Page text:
• Office of the Inspector General, U.S. Department of Transportation, Total Costs, Schedules, and Benefits of FAA’s NextGen Transformational Programs Remain Uncertain, Department of Transportation Office of the Inspector General, p. 17, AV-2017-009 November 10, 2016
  • Letter from Calvin Scovel, Inspector General, U.S. Department of Transportation, to Bill Shuster, Chairman, House Committee on Transportation and Infrastructure, Responding to Questions About the Cost and Schedule of FAA’s NextGen, CC-2016-013, September 30, 2016
  • Office of the Inspector General, U.S. Department of Transportation, FAA Reforms Have Not Achieved Expected Cost, Efficiency, and Modernization Outcomes, AV-2016-015, p. 12 January 15, 2016
  • National Research Council, A Review of the Next Generation Air Transportation System: Implications and Importance of System Architecture, The National Academies Press, 2015
  • U.S. Government Accountability Office, Aviation Finance: Observations on the Effects of Budget Uncertainty on FAA, GAO-16-198R, November 19, 2015
  • U.S. Government Accountability Office, Next Generation Air Transportation System: Improved Risk Analysis Could Strengthen FAA’s Global Interoperability Efforts, GAO-15-608, July 29, 2015
  • U.S. Government Accountability Office, Air Traffic Control System: Selected Stakeholders’ Perspectives on Operations, Modernization, and Structure, GAO-14-770, September 2014
  • Office of the Inspector General, U.S. Department of Transportation, FAA’s Implementation of the FAA Modernization and Reform Act of 2012 Remains Incomplete, CC-2014-010, February 5, 2014
  • Statement of Calvin Scovel, Inspector General, U.S. Department of Transportation, before the House Aviation Subcommittee, The FAA Modernization and Reform Act of 2012: Two Years Later, February 5, 2014
  • U.S. Government Accountability Office, FAA Reauthorization Act: Progress and Challenges Implementing Various Provisions of the 2012 Act, GAO-14-285T, February 5, 2014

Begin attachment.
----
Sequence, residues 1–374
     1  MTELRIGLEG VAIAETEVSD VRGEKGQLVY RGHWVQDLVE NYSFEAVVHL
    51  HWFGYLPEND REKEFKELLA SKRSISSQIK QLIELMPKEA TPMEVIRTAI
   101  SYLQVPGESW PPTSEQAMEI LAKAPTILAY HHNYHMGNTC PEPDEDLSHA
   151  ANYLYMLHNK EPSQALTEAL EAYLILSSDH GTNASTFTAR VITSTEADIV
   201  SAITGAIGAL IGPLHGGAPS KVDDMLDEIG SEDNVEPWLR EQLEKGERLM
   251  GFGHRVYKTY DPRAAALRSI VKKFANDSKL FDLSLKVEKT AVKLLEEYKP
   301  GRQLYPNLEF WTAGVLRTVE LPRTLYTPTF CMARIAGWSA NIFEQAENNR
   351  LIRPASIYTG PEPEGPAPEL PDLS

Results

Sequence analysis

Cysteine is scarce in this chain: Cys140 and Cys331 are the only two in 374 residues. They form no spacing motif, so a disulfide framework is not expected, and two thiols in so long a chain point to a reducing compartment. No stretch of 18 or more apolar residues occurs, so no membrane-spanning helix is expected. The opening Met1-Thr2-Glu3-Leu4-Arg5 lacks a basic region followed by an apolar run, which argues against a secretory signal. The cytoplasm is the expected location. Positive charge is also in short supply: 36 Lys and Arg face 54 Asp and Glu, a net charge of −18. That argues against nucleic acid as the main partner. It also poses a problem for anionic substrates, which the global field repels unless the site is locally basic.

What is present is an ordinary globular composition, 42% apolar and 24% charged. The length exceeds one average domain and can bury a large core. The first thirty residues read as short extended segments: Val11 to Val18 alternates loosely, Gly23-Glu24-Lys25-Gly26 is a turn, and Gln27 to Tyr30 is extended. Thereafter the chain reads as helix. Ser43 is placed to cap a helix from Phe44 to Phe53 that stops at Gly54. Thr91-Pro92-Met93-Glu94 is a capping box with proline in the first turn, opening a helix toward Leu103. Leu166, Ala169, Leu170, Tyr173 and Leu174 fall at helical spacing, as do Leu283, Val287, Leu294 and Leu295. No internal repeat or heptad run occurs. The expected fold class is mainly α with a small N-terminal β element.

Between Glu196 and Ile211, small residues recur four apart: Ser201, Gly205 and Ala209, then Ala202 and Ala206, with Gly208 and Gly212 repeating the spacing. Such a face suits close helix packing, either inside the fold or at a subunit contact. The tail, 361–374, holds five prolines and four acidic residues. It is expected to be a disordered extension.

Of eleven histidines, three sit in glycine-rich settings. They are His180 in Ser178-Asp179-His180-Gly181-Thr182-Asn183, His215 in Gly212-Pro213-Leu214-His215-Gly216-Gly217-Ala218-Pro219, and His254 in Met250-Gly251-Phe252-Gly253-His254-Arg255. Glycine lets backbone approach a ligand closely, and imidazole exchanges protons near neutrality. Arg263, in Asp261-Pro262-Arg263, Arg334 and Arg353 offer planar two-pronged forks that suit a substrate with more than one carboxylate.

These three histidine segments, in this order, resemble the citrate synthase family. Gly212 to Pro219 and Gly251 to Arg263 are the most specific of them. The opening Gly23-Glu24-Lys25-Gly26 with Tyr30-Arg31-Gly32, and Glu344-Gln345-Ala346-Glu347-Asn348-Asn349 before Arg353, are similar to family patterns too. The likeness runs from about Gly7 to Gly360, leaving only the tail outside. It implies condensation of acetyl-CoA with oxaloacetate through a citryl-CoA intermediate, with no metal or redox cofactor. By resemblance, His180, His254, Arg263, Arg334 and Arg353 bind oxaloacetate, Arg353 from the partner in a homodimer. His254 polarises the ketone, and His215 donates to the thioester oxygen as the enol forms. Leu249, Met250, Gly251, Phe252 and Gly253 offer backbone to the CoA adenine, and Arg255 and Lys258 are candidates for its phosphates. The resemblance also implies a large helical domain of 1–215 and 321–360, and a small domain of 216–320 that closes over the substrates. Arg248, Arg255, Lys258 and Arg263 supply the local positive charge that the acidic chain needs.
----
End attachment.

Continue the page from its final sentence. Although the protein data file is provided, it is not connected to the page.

• Office of Inspector General, U.S. Department of Transportation, FAA Made Limited Progress in Implementing NextGen Provisions of the FAA Modernization and Reform Act of 2012, AV-2014-027, January 28, 2014
  • U.S. Government Accountability Office, National Airspace System: Improved Budgeting Could Help FAA Better Determine Future Operations and Maintenance Priorities, GAO-13-693, August 22, 2013
  • U.S. Government Accountability Office, NextGen Air Transportation System: FAA Has Made Some Progress in Midterm Implementation, but Ongoing Challenges Limit Expected Benefits, GAO-13-264, April 8, 2013.
  • U.S. Government Accountability Office, Next Generation Air Transportation System: FAA Faces Implementation Challenges, GAO-12-1011T, September 12, 2012
  • U.S. Government Accountability Office, Air Traffic Control Modernization: Management Challenges Associated with Program Costs and Schedules Could Hinder NextGen Implementation, GAO-12-223, February 2012
  • U.S. Government Accountability Office, Next Generation Air Transportation: Collaborative Efforts with European Union Generally Mirror Effective Practices, but Near-Term Challenges Could Delay Implementation, GAO-12-48, November 3, 2011
  • U.S. Government Accountability Office, Next Generation Air Transportation System: FAA Has Made Some Progress in Implementation, but Delays Threaten to Impact Costs and Benefits, GAO-12-141T,  October 5, 2011
  • U.S. Government Accountability Office, Nextgen Air Transportation System: Mechanisms for Collaboration and Technology Transfer Could Be Enhanced to More Fully Leverage Partner Agency and Industry Resources, GAO-11-604, June 30, 2011
  • U.S. Government Accountability Office, Next Generation Air Transportation System: FAA’s Metrics Can Be Used to Report on Status of Individual Programs, But Not of Overall NextGen Implementation or Outcomes, GAO-10-629, July 27, 2010

     

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    Tags: Aviation